Vandalized rock etching repaired

Crew members work on repairing the Otto rock.



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Crew members work on repairing the Otto rock.

John Otto’s “Rock of Ages” got the granitic equivalent of a delousing Monday, but the cleanup of vandalism won’t go back on public display anytime soon.

Two employees of Carlson Memorials Inc., 237 South Ave., scraped, chiseled and water-blasted grout-like material smeared across the polished faces of the rock, which was fashioned at the behest of Otto in 1915.

Otto’s offense in commissioning his “Rock of Ages” was etching it with swastika-like symbols that are sometimes mistaken for the symbols appropriated by the National Socialists, or Nazis, two decades after Otto had the stone carved.

Vandals last month smeared the symbols with a latex polymer substance used in placing tiles, Tyler Morris said as he chipped away at the gunked-on mess to reveal a star carved into the rock’s north side.

Much of the reverse swastika symbol already had been revealed as Morris scraped and sometimes pounded at particularly stubborn bits with a chisel and hammer.

Morris and his co-worker, Bryan McClaskey, worked through Monday morning.

The symbol used by Otto is one with Native American roots, with no relationship to the Indo-European symbol appropriated by the Nazis in the 1930s, said David Bailey, curator of history at the Museum of the West.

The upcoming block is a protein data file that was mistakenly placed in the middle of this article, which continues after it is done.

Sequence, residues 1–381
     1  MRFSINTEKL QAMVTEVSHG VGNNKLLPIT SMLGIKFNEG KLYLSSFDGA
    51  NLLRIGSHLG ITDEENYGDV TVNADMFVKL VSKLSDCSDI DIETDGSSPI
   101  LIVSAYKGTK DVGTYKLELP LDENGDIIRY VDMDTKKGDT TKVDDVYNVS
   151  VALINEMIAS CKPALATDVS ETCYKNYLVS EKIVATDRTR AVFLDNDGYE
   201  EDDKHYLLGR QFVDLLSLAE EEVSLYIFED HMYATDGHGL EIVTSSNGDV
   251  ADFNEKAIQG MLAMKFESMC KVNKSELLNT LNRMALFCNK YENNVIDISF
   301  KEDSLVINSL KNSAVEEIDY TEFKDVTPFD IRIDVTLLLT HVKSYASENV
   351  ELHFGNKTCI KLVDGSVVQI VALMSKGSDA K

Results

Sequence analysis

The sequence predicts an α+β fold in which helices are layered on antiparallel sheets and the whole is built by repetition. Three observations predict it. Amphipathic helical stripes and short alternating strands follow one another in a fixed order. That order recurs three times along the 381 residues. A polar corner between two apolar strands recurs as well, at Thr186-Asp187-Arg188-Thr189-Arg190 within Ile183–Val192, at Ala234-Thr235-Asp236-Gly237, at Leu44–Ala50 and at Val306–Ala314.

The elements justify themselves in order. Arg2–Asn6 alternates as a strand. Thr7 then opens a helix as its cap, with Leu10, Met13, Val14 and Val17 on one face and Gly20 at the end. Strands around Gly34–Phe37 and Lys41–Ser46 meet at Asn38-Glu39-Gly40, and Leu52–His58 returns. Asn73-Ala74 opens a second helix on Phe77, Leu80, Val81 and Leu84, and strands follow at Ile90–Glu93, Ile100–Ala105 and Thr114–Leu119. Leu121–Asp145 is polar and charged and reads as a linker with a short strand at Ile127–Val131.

The four legs of the symbol Otto used were to show the four directions in balance, Bailey said.

Hammering free some of the rock-hard, mortar-like material was no simple task, Morris said.

“That’s how they used to do it,” Morris said of stonecarving, “beat it, then turn it,”  he said, whacking the chisel, turning it half a turn and smacking it again, knocking off a chunk.

Museum officials two weeks ago found the rock vandalized at the main entrance to the downtown Museum of the West, 422 Ute Ave., and officials have decided to take it out of the public eye, Bailey said.

Grand Junction Pipe and Supply is to move the 5,000-pound rock into storage — and beyond the reach of the vandal’s trowel.

Otto’s “Rock of Ages” eventually will be returned to public display inside the museum, with full interpretation explaining its history and symbology, Bailey said.

It’s ironic that Otto commissioned the rock to celebrate the 1915 World’s Fair, or Panama Pacific International Exposition, to commemorate the advances of mankind, Bailey said, “and it got vandalized by someone who probably never read a history book before.”



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